If there is anything we have learned the past few years, it is to expect the unexpected. From a worldwide pandemic to war in Europe to the highest inflation in decades; we have been confronted with large, unexpected events. This has driven home the importance of having a safety net to protect from these shocks.
An emergency fund is intended to protect you and your family from these shocks and help you weather financial setbacks without getting pushed off course.
It will keep you from entering debt to cover unexpected expenses or tapping into your retirement savings to cover a work absence due to a month-long accident/illness. It is also there to provide peace of mind and free you up to be more aggressive with your other investments.
An emergency fund is typically suggested to equal three-to-six months of basic living expenses. Depending on your situation it may make sense to have even nine or twelve months worth.
Figuring out your monthly spending means tracking your expenses for a few (at least three) months. If you cannot bring yourself to complete a full tracking of your spending then just average three months worth of your income (paycheque, pension, RRIF withdrawals etc.) to get a rough estimate of monthly needs.
Now you must decide how many months of expenses to cover. This depends on your personal situation and risk tolerance. Here are questions to consider:
- Is your job and pay stable? If no, then the higher end of the range would be better.
- Do you often worry about money? If money is a significant stressor for you, then have a larger emergency fund.
- Are you a one-income household? If yes, then yet again, have a larger fund.
- If retired, is most of your income from guaranteed sources (pension, CPP, OAS)? Yes, then a smaller emergency fund is reasonable.
These are just a few of the relevant considerations when determining the size of your emergency fund. Keep in mind your emergency fund shouldn’t be too large either. It is only to provide safety for financial shocks, it is not meant for long-term investing goals.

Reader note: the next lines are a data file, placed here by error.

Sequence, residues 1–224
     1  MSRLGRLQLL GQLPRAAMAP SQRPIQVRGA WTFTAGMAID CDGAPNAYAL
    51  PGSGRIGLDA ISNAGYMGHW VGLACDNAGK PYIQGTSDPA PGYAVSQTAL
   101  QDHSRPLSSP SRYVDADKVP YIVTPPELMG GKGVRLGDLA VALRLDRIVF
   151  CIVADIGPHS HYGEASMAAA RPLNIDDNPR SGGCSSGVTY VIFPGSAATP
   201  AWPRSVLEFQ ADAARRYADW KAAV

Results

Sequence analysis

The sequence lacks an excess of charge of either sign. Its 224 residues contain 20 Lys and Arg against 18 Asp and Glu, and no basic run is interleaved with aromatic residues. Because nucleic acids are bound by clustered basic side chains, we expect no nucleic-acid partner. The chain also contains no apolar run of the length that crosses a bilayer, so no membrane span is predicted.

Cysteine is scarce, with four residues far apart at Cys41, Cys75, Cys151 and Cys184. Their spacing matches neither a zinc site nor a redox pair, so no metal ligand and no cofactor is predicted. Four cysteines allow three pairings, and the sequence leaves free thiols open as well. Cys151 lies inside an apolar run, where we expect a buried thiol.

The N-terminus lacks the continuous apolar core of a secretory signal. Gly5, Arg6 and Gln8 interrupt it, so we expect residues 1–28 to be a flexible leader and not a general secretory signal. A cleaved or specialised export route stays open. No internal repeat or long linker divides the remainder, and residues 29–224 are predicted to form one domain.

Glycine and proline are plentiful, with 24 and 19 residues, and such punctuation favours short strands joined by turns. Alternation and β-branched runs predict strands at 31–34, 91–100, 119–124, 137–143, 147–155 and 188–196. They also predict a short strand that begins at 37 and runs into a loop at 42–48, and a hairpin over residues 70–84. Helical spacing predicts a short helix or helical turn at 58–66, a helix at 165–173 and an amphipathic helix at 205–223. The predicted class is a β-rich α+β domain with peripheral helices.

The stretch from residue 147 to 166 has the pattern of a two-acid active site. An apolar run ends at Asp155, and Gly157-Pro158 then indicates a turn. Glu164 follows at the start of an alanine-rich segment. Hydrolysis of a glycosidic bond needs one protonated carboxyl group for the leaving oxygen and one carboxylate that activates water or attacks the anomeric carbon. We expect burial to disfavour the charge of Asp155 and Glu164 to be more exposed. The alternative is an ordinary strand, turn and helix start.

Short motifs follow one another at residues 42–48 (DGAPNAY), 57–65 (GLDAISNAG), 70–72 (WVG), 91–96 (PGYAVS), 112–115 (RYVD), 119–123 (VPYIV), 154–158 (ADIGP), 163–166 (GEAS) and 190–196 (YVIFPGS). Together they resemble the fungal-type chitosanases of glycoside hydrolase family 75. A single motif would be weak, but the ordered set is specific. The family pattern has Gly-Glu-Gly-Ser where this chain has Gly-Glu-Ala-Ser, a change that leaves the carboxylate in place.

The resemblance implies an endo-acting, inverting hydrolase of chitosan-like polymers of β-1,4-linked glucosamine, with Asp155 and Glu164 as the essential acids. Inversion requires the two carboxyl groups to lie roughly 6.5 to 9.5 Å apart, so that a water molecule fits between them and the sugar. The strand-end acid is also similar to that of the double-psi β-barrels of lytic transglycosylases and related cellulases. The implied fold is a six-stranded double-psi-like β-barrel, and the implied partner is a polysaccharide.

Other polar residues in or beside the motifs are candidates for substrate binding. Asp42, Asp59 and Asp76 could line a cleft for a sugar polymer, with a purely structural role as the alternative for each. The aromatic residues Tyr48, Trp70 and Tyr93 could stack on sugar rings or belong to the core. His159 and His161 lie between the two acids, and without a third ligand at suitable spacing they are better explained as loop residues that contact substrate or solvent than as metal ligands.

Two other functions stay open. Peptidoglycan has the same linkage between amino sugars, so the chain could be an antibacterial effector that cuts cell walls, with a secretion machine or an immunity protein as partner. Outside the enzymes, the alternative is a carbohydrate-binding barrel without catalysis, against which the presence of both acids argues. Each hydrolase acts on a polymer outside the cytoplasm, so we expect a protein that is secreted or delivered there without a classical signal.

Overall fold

Where to Keep your Emergency Fund
The most important characteristics for the emergency fund are liquidity (easy accessibility) and safety from loss. If you can earn a small return, even better. For these reasons keeping it in a high interest savings account is ideal. In a chequing account you won’t earn any (or much) interest. Also, a locked-in product is not a good fit. An emergency fund is useless if you can’t access it when an emergency arises.
Most banks will offer a high-interest savings account and online banks tend to have the best rates. There are also mutual fund and ETF high-interest savings accounts available.
Don’t keep your emergency fund inside of your RRSP/RRIF as you will need to pay taxes when you withdraw the money. If you have TFSA room, it can be kept there, but you will eventually use your TFSA to hold long-term investments.
To begin building your emergency fund, start by setting up automatic weekly, biweekly or monthly withdrawals from your chequing account that go straight into your high-interest savings account.
Once your emergency fund is fully funded move on to paying down debt or investing for other goals. Do not skip setting up an emergency fund, it is an essential step towards healthy finances and reduced financial stress.